1st Maryland Cavalry - "Cole's"

Alternate Designations


Companies A., C. & D. were organized at Frederick City, and Company B. at Cumberland, Maryland, from August 10 to November 27, 1861.  Company A. was called "Cole's Cavalry" after it's founder and Captain, Henry A. Cole.  When organization was completed, these four companies were consolidated into a battalion, and Captain Cole was promoted to Major and given command of that battalion.  The name "Cole's Cavalry" was then assumed by the battalion.

Most of the men in the original four companies of Cole's Cavalry were from Western Maryland; however, there were a number of men from Virginia and Pennsylvania as well.  Most of these men were farmers and planters, young, unmarried, accustomed to the use of both firearms and riding, and most of them brought their own horses with them.  Their extensive knowledge of Western Maryland, and the topography of the great Valley that runs through it from Pennsylvania deep into southern Virginia, and known in virginia as the Shenandoah,  served as a great asset to the Union cause.

Companies A., C. & D. wintered along the Potomac in Western Maryland, Company B. wintered in Western Virginia.  In January of 1862, when Jackson made his forced march through the snow down the Valley, Cole's Cavalry was among the meager defenders who held Hancock, Maryland, and checked Jackson's advance until a stronger Federal force arrived.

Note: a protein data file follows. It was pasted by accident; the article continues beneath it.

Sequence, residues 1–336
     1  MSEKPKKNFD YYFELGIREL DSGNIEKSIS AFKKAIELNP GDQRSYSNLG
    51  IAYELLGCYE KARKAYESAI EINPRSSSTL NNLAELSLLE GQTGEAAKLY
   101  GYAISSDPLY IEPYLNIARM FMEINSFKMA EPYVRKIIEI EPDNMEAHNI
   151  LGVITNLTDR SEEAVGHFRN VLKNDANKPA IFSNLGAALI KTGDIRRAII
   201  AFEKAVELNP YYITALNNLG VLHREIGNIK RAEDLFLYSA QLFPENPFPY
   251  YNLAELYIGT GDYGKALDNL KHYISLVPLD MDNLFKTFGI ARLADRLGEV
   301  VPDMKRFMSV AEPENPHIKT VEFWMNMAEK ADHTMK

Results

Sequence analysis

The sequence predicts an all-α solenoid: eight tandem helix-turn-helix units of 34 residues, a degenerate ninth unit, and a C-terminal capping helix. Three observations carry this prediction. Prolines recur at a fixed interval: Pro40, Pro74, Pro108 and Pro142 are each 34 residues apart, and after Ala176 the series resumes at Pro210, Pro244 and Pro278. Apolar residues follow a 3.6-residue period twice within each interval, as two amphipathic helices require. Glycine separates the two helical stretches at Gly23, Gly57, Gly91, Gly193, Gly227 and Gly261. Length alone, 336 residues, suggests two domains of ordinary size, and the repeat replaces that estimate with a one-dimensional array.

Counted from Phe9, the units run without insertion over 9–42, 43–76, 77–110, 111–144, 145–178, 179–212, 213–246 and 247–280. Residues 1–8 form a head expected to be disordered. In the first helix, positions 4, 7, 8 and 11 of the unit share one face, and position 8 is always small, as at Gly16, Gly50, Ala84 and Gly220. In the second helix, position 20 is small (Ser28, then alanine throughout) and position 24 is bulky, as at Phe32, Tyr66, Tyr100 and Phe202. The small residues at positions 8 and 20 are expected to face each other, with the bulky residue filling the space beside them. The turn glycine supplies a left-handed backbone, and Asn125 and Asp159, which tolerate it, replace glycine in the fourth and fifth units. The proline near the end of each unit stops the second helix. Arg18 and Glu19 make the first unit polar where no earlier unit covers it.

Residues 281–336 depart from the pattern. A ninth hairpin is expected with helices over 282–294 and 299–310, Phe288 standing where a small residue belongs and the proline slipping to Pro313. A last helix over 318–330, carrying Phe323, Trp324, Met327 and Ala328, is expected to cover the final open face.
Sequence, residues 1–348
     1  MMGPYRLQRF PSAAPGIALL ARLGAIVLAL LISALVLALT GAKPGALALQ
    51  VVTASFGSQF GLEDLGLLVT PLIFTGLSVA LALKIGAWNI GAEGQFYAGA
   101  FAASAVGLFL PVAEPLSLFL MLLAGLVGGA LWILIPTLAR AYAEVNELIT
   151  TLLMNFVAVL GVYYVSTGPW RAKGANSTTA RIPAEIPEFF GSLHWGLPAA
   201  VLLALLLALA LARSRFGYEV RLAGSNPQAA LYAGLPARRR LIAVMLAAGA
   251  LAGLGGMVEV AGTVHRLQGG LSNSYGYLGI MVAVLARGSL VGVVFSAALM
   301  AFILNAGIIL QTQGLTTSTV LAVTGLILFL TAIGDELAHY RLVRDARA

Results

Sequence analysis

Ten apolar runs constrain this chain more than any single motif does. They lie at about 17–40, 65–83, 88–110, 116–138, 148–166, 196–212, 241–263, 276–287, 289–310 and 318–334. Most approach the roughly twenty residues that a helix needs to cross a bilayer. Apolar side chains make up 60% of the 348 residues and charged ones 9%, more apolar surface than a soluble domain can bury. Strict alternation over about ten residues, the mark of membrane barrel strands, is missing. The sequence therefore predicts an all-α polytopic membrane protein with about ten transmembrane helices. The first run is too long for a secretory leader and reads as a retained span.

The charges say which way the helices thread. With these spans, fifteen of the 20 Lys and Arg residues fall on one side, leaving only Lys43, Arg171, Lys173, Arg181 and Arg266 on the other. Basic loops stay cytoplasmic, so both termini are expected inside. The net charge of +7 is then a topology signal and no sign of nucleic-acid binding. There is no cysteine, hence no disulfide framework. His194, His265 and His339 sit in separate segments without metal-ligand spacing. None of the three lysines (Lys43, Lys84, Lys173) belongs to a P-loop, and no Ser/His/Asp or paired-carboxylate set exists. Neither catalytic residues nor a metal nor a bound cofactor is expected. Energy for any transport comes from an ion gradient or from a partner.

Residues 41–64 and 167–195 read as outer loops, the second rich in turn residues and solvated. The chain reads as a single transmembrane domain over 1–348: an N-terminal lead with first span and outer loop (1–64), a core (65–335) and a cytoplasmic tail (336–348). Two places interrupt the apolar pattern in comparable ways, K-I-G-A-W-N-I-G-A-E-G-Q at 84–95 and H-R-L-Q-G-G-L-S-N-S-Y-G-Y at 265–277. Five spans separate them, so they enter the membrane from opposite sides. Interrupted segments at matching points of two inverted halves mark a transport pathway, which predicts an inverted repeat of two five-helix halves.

In March of 1862 Genral Bank's crossed the Potomac  and proceeded toward Martinsburg, Virginia.  On the 5th the battalion had a lively skirmsih with Confederate forces near Bunker Hill, and on the 7th, in a fight between Bunker Hill  and Winchester they suffered their first casualties, one dead and two wounded, and Cole's horse was shot out from under him; but the rebels were driven from the field.  On the 11th Williams' Brigade, to which the battalion was assigned, engaged Confederates at Stephenson's Depot, and on the 12th, as Bank's advance, made a cavalry charge into Winchester, capturing a number of prisoners. On March 2nd Williams' Brigade left Wnchester to join General McDowell's command in eastern Virginia, Co.'s A. & C. accompanied Williams, while Co.'s B. & D. remained with General Shields' Division.  That very day Jackson attacked Shields at Winchester.  Hearing the gun fire from behind, Companies A. & C. turned about and returned to winchester to join the other two companies in the battle.